Deadpool: Dead Presidents Review

With the popularity of Deadpool rising over recent years, with a film, a video game and legions of cosplayers, it's hard to deny the Merc With A Mouth has made an impact on popular culture and has played an integral part in the resurgence of comics. The obvious reason the character is so beloved is that he's just plain funny, with his one-liners, pop culture references, fourth-wall breaking and comedic sociopathy. His rapid healing factor allows Deadpool to essentially be a Looney Toons-style cartoon character, albeit with graphic violence alongside the slapstick. The best thing about Deadpool is that he can be put into any ridiculous situation or story, which is exactly what we get from today's comic “Dead Presidents”.


The basic premise of this story is that a patriotic necromancer summons zombie versions of America's presidents such as Lincoln, Washington, Reagan, JFK, etc. As you can imagine, having traditional heroes like Captain America fight US presidents would be considered a controversial media disaster, so SHIELD decide instead to hire the amoral mercenary Deadpool to do the job. Since this is a comedy, going into the details would spoil the jokes, though the entire premise of Deadpool fighting zombie presidents is hilarious in and of itself. I must confess that as an English person, I learned quite a bit of US presidential history from this book (aside from facts I've gleamed through years of pop cultural osmosis). I won't go into details, but there is plenty of presidential satire to be found in this comic alongside Deadpool's familiar antics. There are also plenty of cameos from various other Marvel characters, with Doctor Strange even having a prominent role in the story.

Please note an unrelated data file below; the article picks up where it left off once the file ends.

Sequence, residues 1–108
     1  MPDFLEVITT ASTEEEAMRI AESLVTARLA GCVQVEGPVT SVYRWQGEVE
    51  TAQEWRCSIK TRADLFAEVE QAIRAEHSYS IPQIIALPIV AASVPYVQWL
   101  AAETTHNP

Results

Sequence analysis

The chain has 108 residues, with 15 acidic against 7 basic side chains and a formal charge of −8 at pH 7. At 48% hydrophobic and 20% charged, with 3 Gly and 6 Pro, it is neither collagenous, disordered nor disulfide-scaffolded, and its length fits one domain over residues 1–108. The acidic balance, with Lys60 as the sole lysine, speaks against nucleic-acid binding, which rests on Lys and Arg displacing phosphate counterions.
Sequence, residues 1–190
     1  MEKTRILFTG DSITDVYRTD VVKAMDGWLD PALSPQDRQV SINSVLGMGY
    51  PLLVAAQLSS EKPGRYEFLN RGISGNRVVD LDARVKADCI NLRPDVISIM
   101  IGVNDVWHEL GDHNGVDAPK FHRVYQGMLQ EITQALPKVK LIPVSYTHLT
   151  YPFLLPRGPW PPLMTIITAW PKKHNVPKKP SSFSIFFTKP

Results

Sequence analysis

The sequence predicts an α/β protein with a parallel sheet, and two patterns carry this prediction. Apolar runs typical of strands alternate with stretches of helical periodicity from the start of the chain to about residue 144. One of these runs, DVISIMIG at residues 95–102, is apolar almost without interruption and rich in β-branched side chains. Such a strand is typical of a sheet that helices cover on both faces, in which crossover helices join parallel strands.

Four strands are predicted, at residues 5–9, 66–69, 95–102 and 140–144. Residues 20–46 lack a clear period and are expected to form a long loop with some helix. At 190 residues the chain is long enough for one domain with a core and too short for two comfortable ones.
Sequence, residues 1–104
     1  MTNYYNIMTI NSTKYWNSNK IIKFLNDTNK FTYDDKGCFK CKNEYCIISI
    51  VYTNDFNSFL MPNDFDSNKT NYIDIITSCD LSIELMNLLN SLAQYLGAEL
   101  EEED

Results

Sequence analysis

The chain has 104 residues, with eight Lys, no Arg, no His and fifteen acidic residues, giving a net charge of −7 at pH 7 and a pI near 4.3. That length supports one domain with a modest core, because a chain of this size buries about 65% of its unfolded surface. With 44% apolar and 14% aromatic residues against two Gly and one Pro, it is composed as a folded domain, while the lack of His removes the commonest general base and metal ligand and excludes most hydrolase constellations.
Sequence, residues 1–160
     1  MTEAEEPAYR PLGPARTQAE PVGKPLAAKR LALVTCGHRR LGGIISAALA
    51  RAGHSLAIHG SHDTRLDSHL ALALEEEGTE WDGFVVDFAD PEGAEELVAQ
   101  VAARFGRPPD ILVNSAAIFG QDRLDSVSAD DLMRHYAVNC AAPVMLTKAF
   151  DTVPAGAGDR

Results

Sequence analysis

Gerry Duggan and Brian Posehn's writing for this book is fantastic. As well as creating some truly great one-liners for Deadpool, they give each of the major zombie presidents distinct and recognizable personalities, often referencing what made them noteworthy. The fourth-wall breaking associated with Deadpool is kept minimal, making the moments when he does break the fourth wall stand out. Instead, the humour comes from the ridiculous premise and how Deadpool interacts with the zombie presidents. The artwork for the book is subtly stylized, with characters having distinctly expressive faces and each zombie president is a recognisable caricature. It's also a very gory comic, with blood and guts flying around in every action scene, drawn in explicit detail.


Overall, if you're looking to get into Deadpool as a comic, this is a great place to start. The premise is ridiculous and simple enough for even casual readers to enjoy, while the writing and visuals are entertaining and genuinely hilarious.  It can be purchased here.

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© A L Harvey